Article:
"This episode from The Living Room is presented by Wellington band Trinity Roots. First stop is a dans paleis, where competitors (including Fat Freddys' DJ Mu) tweak samples in a battle for the MPC heavyweight title. Then Dunedin artist Phil Frost tours his studio, talks skulls and bones and skate video Tulgonia Two (where broken ankles are the price of filming mad tricks). Poet Cameron Hockly takes his words to Te Awamutu's streets; and mainlander Peter King lathe cuts bespoke records for clients from the Beastie Boys to Trinity Roots (whose True LP is cut here).  " (NZ On Screen summary)

  • View on NZ On Screen The Pā Boys

    Source: NZ On Screen

    Resource type: Drama ; Te Reo ; Music ; Māori ; Film

    ""It is about 'life, death and fu*king good music'" runs the tagline to this movie, which follows a Wellington band playing East Coast and Northland pubs, as they head for Cape Reinga. On the road to Te Rerenga Wairua the boys go on a roots journey that is both musical (the cast includes singer Francis Kora, with songs by Trinity Roots' Warren Maxwell) and personal (mateship, whānau, whakapapa). The debut from writer/director Himiona Grace was co-produced by Ainsley Gardiner (Boy) and Mina Mathieson (Warbrick). It was released in NZ cinemas in February 2014." (NZ On Screen summary)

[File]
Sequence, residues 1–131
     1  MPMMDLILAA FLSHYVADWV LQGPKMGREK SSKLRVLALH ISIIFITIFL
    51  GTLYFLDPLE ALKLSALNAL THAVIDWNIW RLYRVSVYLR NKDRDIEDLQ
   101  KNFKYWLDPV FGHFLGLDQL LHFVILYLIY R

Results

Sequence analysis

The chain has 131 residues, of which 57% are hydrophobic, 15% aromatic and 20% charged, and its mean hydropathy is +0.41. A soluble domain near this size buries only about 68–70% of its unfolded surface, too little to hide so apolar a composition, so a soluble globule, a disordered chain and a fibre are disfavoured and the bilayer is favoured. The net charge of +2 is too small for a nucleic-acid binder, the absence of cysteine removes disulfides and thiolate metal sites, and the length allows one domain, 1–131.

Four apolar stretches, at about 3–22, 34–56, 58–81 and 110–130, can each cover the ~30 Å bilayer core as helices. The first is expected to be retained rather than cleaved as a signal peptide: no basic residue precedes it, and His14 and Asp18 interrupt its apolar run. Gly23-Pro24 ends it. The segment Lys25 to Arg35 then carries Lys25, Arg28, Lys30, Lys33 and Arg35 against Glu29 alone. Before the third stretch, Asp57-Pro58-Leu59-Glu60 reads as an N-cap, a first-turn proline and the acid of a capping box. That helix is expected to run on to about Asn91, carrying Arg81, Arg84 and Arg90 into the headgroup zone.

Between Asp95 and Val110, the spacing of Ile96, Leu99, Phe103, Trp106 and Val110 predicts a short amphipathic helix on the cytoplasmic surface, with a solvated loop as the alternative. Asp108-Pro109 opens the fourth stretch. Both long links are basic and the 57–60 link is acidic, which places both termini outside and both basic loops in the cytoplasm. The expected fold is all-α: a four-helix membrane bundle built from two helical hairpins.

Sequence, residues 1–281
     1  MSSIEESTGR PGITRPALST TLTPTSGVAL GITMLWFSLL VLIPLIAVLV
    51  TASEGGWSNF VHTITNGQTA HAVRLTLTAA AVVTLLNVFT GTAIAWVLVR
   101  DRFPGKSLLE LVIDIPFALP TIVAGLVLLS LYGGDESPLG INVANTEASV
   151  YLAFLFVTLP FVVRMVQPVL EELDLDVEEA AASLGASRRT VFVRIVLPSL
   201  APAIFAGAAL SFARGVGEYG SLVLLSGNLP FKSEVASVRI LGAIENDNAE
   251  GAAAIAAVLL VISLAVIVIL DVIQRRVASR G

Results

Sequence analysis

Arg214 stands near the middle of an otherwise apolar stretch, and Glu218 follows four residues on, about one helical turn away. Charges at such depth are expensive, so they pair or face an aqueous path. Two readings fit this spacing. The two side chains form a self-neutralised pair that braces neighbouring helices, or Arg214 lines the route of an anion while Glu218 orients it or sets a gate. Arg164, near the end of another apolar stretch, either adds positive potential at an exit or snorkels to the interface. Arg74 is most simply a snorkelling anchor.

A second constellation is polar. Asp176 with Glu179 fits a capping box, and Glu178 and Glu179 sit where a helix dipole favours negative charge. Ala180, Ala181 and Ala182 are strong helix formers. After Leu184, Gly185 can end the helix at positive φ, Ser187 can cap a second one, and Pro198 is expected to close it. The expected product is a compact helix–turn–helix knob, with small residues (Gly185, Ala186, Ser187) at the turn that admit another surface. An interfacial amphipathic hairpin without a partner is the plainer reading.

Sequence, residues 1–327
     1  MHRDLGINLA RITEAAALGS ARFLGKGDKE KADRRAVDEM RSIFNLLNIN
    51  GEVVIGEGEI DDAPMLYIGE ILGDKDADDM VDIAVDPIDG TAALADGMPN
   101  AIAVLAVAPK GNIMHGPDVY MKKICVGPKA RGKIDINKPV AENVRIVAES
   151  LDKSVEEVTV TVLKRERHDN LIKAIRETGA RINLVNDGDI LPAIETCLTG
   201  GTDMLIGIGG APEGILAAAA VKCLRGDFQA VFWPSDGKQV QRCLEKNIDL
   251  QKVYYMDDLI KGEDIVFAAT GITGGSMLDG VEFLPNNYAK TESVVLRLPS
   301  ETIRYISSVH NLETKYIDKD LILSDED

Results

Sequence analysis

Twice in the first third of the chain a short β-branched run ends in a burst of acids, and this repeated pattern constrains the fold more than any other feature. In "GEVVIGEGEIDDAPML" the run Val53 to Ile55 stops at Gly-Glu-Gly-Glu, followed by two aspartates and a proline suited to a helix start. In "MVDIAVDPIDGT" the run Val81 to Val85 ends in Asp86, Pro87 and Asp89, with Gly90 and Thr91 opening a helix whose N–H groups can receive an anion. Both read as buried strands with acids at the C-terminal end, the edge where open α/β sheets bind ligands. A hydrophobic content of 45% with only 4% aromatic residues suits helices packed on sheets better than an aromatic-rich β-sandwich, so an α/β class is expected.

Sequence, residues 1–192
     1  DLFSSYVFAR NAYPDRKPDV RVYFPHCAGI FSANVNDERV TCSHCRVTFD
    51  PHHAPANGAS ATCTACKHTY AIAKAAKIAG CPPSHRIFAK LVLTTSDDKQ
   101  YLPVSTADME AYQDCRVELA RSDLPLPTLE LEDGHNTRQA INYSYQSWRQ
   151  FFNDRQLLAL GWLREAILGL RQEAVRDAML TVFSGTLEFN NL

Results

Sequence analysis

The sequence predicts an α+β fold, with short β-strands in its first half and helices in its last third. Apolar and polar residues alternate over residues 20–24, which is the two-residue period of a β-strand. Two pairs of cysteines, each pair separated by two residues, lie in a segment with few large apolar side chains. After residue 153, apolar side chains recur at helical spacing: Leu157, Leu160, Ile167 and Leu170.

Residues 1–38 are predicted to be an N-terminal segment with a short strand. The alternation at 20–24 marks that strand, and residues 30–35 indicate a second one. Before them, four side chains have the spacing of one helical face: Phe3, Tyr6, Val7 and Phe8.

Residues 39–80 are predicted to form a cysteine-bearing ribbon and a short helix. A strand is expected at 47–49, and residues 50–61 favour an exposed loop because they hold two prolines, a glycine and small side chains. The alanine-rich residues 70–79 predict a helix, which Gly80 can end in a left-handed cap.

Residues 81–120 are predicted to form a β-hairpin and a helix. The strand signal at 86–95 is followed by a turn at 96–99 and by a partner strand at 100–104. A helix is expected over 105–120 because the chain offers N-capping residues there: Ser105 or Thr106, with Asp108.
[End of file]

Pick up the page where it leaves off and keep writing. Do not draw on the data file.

• View on NZ On Screen The Gravy - Series Three, Episode One (Little Bushmen vs Auckland Philharmonia)

    Source: NZ On Screen

    Resource type: Documentary ; Music ; Arts/Culture ; Television

    "This episode of the Sticky Pictures’ arts show covers a 13 July 2008 concert that combined the musical talents of the Little Bushman with composer John Psathas and the Auckland Philharmonia. Trinity Roots alumnus Warren Maxwell is the frontman for Little Bushman and is a behind-the-scenes guide as they prepare their trademark psychedelic blues for Psathas (Olympics 2004 opening ceremony score composer) to wrangle for orchestral collaboration. Philharmonia met harmonica in one-off gig at Auckland Town Hall. The doco was directed by Mark Albiston." (NZ On Screen summary)

  • View on NZ On Screen Age Pryor

    Source: NZ On Screen

    Resource type: Music Video